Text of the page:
The Most Important Thing I Learned About Grief
If I had only one thing to pass on to people who have recently lost someone, it would be this: Grief is not “just feelings.”
Grief is emotional, but it’s also cognitive and physical.
Feelings that don’t seem ‘normal’ – feelings other than sadness – are actually very common. It’s common to feel like other bad things might happen, or a complete lack of fear because ‘the worst has already happened.’ Some people feel relief. If you suddenly feel really bad about yourself, there’s a word for that: it’s survivor’s guilt, and it’s also really common.
But grief also has cognitive and physical components. Like many other bereaved people, I had difficulty focusing and concentrating. After running through a red light, I took a couple of weeks off driving because I realized my lack of focus made me more accident-prone. Tasks that may seem normal or even automatic may be difficult. It’s okay to let other people do them or not do them yourself if you think you might need a break from them.
Many people also experience physical symptoms after the death of someone close to them. It may be a good idea to visit a doctor. This is particularly true for older adults or people with conditions that may make them more medically fragile, but a quick trip to the doctor to get checked out may make sense even for people without other health problems if they don’t feel well physically after someone close to them dies. Physical symptoms that arise in bereaved people are common enough that they too have a name: “heartbreak syndrome.” People report heart palpitations, headaches, difficulty sleeping, and upset stomach. Plenty of rest, very gentle exercise if possible, simple foods, and limiting caffeine and alcohol are all good ideas.
The Second Most Important Thing I Learned About Grief
Because I was dissatisfied with a lot of the writing I encountered on grief, I actually read a lot of academic literature and studies on the subject. One thing that really stuck with me: how well a person is doing five years after a major loss has almost nothing to do with the scale of the primary loss (who died and how close that person or people were). How well they are doing five years later has much more to do with secondary losses. An example of a secondary loss: a woman’s husband dies (primary loss) and, unable to make the mortgage payments, she loses the house they lived in (secondary loss).
I now believe the job of people around grieving people is to do whatever they can to prevent secondary losses – from accidents and illnesses that may be more likely due to the stress of a loss, to financial losses that happen because a person has a hard time keeping up with bills or organizing taxes.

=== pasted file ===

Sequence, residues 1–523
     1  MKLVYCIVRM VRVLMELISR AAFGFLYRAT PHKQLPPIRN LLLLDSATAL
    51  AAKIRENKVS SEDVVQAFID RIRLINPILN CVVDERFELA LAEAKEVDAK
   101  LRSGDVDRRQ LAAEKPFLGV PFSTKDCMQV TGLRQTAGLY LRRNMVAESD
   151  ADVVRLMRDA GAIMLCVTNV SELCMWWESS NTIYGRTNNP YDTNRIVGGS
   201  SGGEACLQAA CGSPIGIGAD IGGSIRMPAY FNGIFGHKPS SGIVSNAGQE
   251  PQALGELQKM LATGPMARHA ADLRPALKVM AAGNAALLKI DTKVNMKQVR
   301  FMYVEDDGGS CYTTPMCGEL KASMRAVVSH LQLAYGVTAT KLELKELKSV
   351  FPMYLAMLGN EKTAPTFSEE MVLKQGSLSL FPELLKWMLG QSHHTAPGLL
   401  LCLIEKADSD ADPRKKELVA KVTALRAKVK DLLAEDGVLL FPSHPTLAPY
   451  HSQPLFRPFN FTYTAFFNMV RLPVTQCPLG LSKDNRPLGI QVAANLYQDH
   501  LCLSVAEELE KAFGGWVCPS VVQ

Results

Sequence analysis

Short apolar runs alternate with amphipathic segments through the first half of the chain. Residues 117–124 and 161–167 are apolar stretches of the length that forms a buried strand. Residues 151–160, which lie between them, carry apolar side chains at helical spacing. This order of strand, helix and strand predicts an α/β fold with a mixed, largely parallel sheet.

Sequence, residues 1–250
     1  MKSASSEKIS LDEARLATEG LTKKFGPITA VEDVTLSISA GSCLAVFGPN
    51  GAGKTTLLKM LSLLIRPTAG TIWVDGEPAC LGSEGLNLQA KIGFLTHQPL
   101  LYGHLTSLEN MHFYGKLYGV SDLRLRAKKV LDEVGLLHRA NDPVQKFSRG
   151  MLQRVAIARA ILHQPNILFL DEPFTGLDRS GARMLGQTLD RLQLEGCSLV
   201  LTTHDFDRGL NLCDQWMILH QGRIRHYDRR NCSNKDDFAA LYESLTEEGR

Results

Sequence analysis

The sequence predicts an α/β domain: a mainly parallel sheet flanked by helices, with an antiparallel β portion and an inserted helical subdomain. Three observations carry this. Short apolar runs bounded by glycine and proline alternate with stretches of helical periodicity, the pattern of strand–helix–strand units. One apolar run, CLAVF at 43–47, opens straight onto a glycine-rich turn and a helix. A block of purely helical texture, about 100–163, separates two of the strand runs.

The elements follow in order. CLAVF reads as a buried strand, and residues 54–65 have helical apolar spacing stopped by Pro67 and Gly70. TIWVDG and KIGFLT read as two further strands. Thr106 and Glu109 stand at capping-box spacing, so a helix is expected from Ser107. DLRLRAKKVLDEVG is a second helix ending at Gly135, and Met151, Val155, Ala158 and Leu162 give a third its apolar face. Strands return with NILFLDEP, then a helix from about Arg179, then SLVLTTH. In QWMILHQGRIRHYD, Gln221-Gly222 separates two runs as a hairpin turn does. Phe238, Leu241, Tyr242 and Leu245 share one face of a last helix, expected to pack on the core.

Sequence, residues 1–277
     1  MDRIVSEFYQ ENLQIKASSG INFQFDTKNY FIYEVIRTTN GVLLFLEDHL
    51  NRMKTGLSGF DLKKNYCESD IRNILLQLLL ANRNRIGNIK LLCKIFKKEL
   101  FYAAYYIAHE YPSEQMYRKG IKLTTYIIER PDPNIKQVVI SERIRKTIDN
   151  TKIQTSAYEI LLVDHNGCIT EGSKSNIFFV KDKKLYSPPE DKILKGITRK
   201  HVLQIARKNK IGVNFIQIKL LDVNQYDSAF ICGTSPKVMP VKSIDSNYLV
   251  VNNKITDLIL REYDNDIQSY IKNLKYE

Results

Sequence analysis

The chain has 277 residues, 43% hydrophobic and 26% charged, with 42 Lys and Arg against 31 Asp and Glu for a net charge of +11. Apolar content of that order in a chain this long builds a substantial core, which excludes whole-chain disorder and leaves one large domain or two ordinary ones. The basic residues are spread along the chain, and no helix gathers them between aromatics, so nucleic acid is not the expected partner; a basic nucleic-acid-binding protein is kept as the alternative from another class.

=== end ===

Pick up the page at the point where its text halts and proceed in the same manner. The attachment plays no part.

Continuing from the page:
This is complicated by the fact that some bereaved people may feel a strong urge to change their lives after someone dies. That’s not always a bad thing – but it’s worth running those changes by a trusted friend or two to limit the negative impact of impulsive decisions.
The Third Most Important Thing I Learned About Grief
There is no right or wrong way to grieve. People may try to ‘police’ your grieving, maybe judging you for not being sad enough, or telling you you should be over it by X time, or trying to enforce a narrative “they’re in a better place/they’re not suffering.” These people aren’t trying to harm you, but they may be really uncomfortable with the feelings around death themselves. They’re uncomfortable with witnessing your suffering and they want to “fix” it. If this is you? Stop. Your grieving friends don’t want you to fix them. They want you to listen to them.
You and your friends and family may also deeply embedded in a cultural narrative we have in the US around death. The fact that we do bereavement different ways in different countries is proof that there’s more than one way to do it. After my father died, I watched every Dirty Harry film in a back room while I wrapped presents. After my partner died, instead of ignoring the holiday, my family changed it, using blue lights on our Christmas tree and changing our Christmas playlists.
Another Important Thing I Learned About Grief That May Or May Not Be Relevant To You
Who you are matters, and how they died matters, and your relationship to them matters. It also determines how other people respond to your grief, and that means you need to protect yourself.
Much bereavement advice is aimed at “normal” people and “normal” deaths. By that, I mean bereaved people who are straight, white, married or living in a nuclear family context. By “normal deaths” I mean the kind of deaths that happen at the end of a normal lifespan, often after an illness.
That advice will tell you to “reach out,” to talk to other people about your experience.
Consider carefully whether it is safe for you to do so first. If the person close to you died suddenly, unexpectedly; if they died as a result of violence or suicide; if you were in a relationship with them but you weren’t married; if you’re gay, if you’re trans…the responses you get from other people might be kind and loving. They might also be degrading, hostile, dehumanizing or even violent. Take care of yourself first.
A Curated Reading List on Death, Grief And Bereavement
I’ve put together a curated reading list of books, websites, and other resources on this topic.